A late Oligocene–early Miocene age has been suggested for the Dos Bocas Formation on the basis of radiometric dating (Witt et al., 2019). According to Witt et al. (2019), the U-Pb zircon dating for the Montañita-Olón outcrop in the Montañita area (Fig. 2B) yielded an age of 23.5 ± 0.4 Ma, with a younger cluster average of 22.9 ± 0.6 Ma. These results agree with a late Oligocene age proposed for the unit using faunal composition (Olsson, 1931; Bristow, 1975; Tanaka et al., 2017). In addition, the age of the Dos Bocas Formation (Montañita-Olón site) proposed here is also supported by the presence of the typical Oligocene megatooth species Otodus (Carcharocles) cf. O. angustidens from other localities around the world (Baut & Génault, 1999; Gottfried & Fordyce, 2001; Reinecke, Stapf & Raisch, 2001; Szabó & Kocsis, 2016b).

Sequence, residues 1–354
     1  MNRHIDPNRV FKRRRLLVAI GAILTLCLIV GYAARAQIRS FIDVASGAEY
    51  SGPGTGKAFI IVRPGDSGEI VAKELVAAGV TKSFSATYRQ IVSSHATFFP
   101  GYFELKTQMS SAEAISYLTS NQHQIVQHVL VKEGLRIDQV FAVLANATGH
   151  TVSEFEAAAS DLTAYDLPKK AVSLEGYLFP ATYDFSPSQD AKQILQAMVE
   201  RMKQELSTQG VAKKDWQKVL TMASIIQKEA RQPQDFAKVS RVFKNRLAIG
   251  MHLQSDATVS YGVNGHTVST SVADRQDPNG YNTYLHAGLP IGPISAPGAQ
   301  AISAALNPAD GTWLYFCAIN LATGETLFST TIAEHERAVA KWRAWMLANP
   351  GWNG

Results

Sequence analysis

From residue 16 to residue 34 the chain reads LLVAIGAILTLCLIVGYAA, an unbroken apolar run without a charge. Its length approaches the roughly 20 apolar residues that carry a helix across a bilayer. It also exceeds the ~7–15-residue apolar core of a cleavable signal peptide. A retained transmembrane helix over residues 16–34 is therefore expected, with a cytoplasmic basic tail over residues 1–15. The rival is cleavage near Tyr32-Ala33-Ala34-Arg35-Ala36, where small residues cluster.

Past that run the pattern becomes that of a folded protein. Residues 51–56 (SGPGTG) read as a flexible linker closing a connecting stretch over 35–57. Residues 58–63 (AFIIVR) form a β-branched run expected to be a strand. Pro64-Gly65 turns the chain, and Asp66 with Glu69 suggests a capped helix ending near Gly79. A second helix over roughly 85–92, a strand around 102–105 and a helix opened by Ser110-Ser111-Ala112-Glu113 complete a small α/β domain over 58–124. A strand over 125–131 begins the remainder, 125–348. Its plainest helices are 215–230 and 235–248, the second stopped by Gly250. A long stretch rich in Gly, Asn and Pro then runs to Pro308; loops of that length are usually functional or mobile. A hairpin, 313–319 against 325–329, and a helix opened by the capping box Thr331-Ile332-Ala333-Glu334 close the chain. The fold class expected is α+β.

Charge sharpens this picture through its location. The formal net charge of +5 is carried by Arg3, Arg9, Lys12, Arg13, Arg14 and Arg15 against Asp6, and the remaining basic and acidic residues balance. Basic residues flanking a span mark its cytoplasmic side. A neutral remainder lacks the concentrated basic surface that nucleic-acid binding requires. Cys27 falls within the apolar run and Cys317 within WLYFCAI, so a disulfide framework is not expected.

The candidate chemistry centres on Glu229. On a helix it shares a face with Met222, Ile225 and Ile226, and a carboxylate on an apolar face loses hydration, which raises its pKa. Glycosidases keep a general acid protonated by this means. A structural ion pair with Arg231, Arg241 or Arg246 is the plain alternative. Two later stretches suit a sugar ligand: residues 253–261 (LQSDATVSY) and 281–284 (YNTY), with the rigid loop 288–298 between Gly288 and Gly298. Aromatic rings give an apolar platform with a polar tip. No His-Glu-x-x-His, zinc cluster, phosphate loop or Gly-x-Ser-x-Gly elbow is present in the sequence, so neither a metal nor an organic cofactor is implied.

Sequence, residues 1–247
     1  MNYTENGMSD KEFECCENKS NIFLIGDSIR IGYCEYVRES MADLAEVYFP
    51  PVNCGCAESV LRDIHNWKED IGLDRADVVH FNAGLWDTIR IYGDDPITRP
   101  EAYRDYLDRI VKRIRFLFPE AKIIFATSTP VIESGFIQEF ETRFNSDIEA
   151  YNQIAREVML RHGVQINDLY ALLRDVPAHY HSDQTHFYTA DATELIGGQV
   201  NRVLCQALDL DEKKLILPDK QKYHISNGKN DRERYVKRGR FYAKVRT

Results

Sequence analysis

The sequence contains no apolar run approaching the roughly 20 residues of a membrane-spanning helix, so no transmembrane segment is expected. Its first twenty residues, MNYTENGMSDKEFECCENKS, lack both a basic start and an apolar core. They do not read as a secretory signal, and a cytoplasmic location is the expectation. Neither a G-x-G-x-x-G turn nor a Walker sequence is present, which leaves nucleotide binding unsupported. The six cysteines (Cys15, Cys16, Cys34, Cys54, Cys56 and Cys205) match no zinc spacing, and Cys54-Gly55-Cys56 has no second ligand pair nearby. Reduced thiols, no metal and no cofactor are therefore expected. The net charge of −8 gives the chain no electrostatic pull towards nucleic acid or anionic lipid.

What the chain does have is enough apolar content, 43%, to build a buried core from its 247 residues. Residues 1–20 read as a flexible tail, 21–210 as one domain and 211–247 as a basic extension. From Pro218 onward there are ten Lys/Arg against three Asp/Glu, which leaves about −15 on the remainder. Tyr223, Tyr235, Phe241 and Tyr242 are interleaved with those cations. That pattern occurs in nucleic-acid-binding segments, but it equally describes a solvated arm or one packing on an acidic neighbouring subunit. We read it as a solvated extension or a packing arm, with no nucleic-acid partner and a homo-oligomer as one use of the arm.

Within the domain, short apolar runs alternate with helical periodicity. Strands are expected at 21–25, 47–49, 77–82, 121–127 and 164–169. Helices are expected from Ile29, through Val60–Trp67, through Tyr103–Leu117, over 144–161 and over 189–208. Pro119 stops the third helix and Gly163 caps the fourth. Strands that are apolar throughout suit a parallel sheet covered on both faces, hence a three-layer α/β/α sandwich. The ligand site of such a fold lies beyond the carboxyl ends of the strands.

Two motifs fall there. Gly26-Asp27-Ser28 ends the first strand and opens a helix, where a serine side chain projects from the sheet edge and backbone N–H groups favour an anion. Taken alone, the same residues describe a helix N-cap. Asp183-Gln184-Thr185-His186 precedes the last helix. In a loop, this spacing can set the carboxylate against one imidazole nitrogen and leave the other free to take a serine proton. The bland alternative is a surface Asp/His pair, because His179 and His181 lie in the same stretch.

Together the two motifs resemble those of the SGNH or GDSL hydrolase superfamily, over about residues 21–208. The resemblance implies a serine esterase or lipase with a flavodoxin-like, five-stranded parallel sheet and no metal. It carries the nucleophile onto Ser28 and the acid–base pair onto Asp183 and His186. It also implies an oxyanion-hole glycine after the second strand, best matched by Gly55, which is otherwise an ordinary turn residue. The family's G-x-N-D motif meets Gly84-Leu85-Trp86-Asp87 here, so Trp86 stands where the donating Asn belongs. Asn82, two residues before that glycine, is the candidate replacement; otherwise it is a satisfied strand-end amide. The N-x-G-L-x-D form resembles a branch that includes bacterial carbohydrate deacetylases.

A shallow protected environment has been suggested as the most plausible depositional environment for the Dos Bocas Formation (see Tanaka et al., 2017; Witt et al., 2019, and references therein). The base of the fossiliferous outcrop consists of massive, moderately sorted, fine to medium-grained sandstone with angular quartz-feldspathic clasts and probably glauconite rounded green grains (Fig. 2). The matrix is micritic and volcanogenic, possibly bentonitic. According to Tanaka et al. (2017), bedding is massive to indistinct, suggesting little influence by traction currents or storm waves, and in turn implying a quiet setting; estuarine or mid-shelf is possible. Witt et al. (2019, fig. 8A) reported for the outcrops of the Dos Bocas Formation in the Montañita-Olón area, local large arthropod burrows and some evidence of patch reefs of bivalves and worms, suggesting that these beds were deposited in a protected shallow-water environment, likely under a period of strong tectonic deformation. Nevertheless, arthropod burrows are not exclusively from shallow water environments, and our field observations suggest that the thick layer of large arthropod burrows and the probable evidence of patch reefs with fragmentary mollusks reported by Witt et al. (2019) for the Montañita-Olón area are represented towards the top of the section (Fig. 2A). In contrast, micropaleontological evidence suggests for the Dos Bocas Formations, by Ordoñez, Jiménez & Suárez (2006) and Witt et al. (2019, fig. 3C), an upper platform environment. In our bathymetric analysis of the Montañita-Olón site (Dos Bocas Formation), 73.7% of the studied elasmobranch taxa are represented in a depth range of 100–200 m (Fig. 10). For the weighted paleobathymetry, a range between 87.8 and 378.0 m with a mean of 192 m was estimated. Our results suggest that the fossils were most likely deposited in an outer neritic (open shelf) environment, which coincides with the upper platform environment suggested by Witt et al. (2019, fig. 3C). Additional support for this estimation is derived from the presence of the benthopelagic squalomorph sharks Heptranchias cf. H. howellii, Hexanchus cf. H. griseus, Centrophorus cf. C. granulosus, Dalatias sp. and cf. Echinorhinus sp., whose extant representatives usually prefer deep-water environments near the continental slope (see Table S2). The extinct Heptranchias cf. H. howellii has been reported from other localities of the Americas and Europe as a species with deep environment preferences (Cappetta, Gregorová & Adnet, 2016; Carrillo-Briceño et al., 2016b and references there in). Paraechinorhinus cf. P. barnesi is another extinct taxon associated with deep-water paleoenvironments (Welton, 1979; Pfeil, 1983). In addition, the presence of “Goblin shark” Mitsukurina cf. M. lineata in the Montañita-Olón assemblage could support our bathymetric estimation. The extant Mitsukurina bottom-dwelling species is usually living in deep waters, on the outer continental shelves and upper slopes (Compagno, 1984a; Cappetta, Gregorová & Adnet, 2016); although it should not be ruled out that the species could also have occasional visits to the neritic areas (Ebert & Stehmann, 2013). As an example, an isolated tooth assigned to Mitsukurina was referred from an infralittoral environment during the early Miocene of Costa Rica (Laurito et al., 2014).